Sure, there may not be as much at stake, but a terrible relationship between two employees can hurt the productivity and morale of an entire company.
So, how do you make sure that you’re not in the midst of one of these feuds and what can you do to ensure that your coworkers aren’t tied up in any negative relationships?
Examples in History
With all of the negative political discourse present in the modern era, it’s difficult to imagine leaders of two parties being good friends. But, Tip O’Neill and Ronald Reagan, the Democrat speaker of the house and Republican president, respectively, established a great relationship that led to increased productivity in Washington, D.C. How did they reach this point?
Tip and “the Gipper” were able to find common ground and get a lot done in terms of compromising and meeting halfway on legislation. They sought to find commonalities and embrace these similarities instead of focusing on and exploiting differences in their ideologies.
So, how do you use their example in your life at work? The answer is simple: avoid topics that can stir up the emotional pot. There used to be a simple rule for polite conversation: don’t talk about politics or religion.
Stick to the Basics
Until you know the lay of the land with regard to your coworkers’ political and religious views, tread lightly. Eventually, you’ll develop a rapport with certain employees, but don’t push the envelope. And, if anything ever gets contentious, or is heading down that road, ABORT. It’s always better to take the high road when it comes to office disagreements.
Try saying something like: “I get your point of view on this; I just would prefer to not talk about it here at work.” There’s nothing that someone can say to that! It’s easy and smart to hide behind the cover of “being at work.” Also, it’s easy to portray a middle-of-the-road viewpoint, regardless of what you actually think.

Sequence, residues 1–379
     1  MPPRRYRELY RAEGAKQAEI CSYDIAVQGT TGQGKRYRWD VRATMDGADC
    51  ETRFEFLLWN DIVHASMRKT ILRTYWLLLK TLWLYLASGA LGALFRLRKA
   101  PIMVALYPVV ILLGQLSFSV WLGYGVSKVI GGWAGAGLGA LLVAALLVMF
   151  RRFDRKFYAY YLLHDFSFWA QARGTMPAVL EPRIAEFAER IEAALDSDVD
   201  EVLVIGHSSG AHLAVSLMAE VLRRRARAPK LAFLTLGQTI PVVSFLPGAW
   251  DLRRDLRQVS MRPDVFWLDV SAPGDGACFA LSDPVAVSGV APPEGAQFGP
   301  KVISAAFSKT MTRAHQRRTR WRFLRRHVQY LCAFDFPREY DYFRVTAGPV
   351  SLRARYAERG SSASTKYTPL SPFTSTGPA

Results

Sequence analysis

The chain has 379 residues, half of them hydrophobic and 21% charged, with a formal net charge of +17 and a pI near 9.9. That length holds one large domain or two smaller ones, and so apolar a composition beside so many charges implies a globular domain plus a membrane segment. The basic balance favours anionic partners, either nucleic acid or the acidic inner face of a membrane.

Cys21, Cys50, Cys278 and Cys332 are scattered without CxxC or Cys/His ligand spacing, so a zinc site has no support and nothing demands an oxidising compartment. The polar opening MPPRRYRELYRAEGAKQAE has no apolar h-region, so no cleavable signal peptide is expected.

No one likes the person at work who thrusts his or her views upon everyone else. The world could use a little more compromising and pleasantry, so try to be positive about everything and don’t take an entrenched position on anything.
Another tactic is to actively seek out the interests of your coworkers and really stick to those topics of conversation. If they like sports, try to talk about their favorite teams and players. If they have a hobby like gardening or reading, maybe take an interest in what they are doing or reading.
It’s not that hard to be civil and social with people—everyone has things that he or she likes, and it’s easy to at least feign some level of interest in one of these activities. Talk about current events, pop culture, or what is happening in your local area. Trust me; it’s just easier to stick to the safe subjects than to wade into the waters of contention.
Above all else, just try to be kind to one another. That may sound like something that an elementary school teacher tells their students, but it still rings true at the office. There’s no point making enemies in the place in which you work. There’s nothing worse than hating going to work because you are in a major disagreement with a coworker.
Finally, and this may be tough for some people, if all else fails, be the one who meets in the middle, the one who says, you know what, I’ll suck it up and be wrong about this thing. If you concede a point or simply give in when it comes to an unimportant work issue, you won’t notice an hour after the given interaction, and it will score you big points in the long run.